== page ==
Improve community infrastructure, health, resiliency and economic opportunities in Indonesia’s most challenging urban and coastal areas.
About half of all Indonesians live on less than two dollars a day. Employment growth has been slower than population growth. Public services remain inadequate by middle-income standards, and health indicators are poor. The island is also one of the most disaster-prone nations in the world.
- Economic opportunity: Providing technical assistance, training and financial services to microfinance institutions throughout the country and helping spice farmers earn more income
- Health: Raising awareness and supporting mothers to practice and promote exclusive breastfeeding
- Water: Improving sanitation and hygiene in crowded urban areas with a mobile sludge removal service
- Disaster preparedness: Identifying and mapping areas at risk and helping those communities plan, train and practice how to respond when disasters occur
- Emergency response: Maintaining a response team ready to quickly deploy and provide immediate relief to survivors during the critical first months after a disaster strikes
All stories about Indonesia
Indonesia: Chocolate starts out tasting like vanilla yoghurt — who knew?
Whenever I travel, I’m always sure to pack an emergency supply of chocolate. But until yesterday, when I saw cacao trees for the first time and talked to cacao famers in Indonesia about the help they are getting from Mercy Corps, I’d never really thought about where it comes from.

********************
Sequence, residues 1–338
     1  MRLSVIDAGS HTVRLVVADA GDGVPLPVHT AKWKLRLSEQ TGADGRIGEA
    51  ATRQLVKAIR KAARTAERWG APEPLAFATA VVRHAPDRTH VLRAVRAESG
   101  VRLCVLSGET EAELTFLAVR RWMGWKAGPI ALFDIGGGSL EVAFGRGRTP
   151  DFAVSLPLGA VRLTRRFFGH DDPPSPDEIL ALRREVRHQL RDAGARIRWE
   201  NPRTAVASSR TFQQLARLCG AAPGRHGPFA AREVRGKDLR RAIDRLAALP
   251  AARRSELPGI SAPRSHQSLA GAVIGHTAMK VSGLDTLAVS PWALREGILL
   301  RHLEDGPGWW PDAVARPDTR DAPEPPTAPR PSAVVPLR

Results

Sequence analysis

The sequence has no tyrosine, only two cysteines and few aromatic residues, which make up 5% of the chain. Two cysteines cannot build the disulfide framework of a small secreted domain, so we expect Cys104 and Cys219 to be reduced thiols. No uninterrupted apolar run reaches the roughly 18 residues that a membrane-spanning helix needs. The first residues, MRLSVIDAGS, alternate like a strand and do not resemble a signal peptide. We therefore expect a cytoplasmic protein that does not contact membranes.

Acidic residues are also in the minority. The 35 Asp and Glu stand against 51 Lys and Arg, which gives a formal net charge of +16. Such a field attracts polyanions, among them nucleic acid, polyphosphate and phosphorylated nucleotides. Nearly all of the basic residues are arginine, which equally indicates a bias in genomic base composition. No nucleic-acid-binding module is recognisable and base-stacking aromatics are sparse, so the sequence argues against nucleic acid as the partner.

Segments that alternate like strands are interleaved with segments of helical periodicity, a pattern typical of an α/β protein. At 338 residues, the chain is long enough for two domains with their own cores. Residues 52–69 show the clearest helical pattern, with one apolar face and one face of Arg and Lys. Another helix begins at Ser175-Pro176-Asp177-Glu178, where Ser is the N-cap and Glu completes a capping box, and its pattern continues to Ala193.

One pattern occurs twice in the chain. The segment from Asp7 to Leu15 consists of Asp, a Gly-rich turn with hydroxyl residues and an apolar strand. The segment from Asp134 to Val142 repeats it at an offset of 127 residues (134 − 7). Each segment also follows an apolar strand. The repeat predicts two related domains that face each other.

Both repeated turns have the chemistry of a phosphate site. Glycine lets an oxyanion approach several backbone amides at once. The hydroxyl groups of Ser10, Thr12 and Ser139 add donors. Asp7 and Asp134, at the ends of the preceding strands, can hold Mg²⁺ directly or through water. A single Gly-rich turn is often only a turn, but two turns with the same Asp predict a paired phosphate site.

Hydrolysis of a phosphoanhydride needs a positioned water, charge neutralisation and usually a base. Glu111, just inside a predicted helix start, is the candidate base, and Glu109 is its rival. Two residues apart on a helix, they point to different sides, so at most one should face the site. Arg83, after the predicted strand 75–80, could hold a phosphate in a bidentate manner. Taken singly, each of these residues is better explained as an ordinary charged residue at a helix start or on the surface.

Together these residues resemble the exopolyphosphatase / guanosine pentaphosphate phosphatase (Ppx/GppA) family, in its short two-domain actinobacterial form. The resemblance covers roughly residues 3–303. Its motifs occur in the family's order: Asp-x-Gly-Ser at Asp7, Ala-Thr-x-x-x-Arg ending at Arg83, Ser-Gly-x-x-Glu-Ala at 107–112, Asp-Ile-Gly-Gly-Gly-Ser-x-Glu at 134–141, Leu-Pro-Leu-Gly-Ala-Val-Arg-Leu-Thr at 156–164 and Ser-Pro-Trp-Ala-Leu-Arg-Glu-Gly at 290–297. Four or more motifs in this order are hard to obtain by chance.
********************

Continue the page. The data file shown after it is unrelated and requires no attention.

Indonesia: Water, water everywhere… and every drop to drink?
As I write this, my shoes are hanging up to dry, dripping onto the ceramic floor of my hotel bathroom. In more ways than one this — my first day in Ambon, capital city of Indonesia’s Maluku Islands — has been thoroughly water-soaked.
Indonesia: Thinking out of the box on World Food Day
Over the weekend, children in the Yayasan Darma Indonesia orphanage were cheered up by the visit of Global Citizen Corps (GCC) leaders and volunteers.
Indonesia: Mercy Corps billboards are stopping traffic
“You've got to see this,” said Erynn Carter —who heads up Mercy Corps’ projects in West Sumatra — yesterday when I arrived in Padang. “Our new disaster billboards went up last night, and there was a huge traffic jam this morning at rush hour because so many people stopped to look at them!”
Indonesia: Normally I don’t like children. But today I had no choice!
As most of my colleagues will tell you, generally I’m not keen on kids. But today, celebrating Global Handwashing Day with more than 1,500 mothers and children in West Jakarta, I had to get over that pretty quickly.
Indonesia: Working in all levels for better disaster risk reduction initiatives
This Wednesday — October 13 — is International Day for Natural Disaster Reduction. It's a day to focus on disaster preparedness and resilience.
Indonesia: From gloom to loom
Indonesia: Recognition for our programs in West Sumatra
Indonesia: One year after the earthquake, a measure of relief
Today, September 30 here in West Sumatra, Indonesia, brings remembrance of the earthquake a year ago that killed more than 1,000 people and affected the livelihoods of an estimated 1.25 million more.
Indonesia: Smiles from Padang's orphans
September 8, 2010 was the last day of working in Mercy Corps West Sumatra before the office closed for the Eid al Fitri, marking the end of the holy month of Ramadhan. I joined the Urban Team in distributing supplies to the orphanages in and around the city of Padang.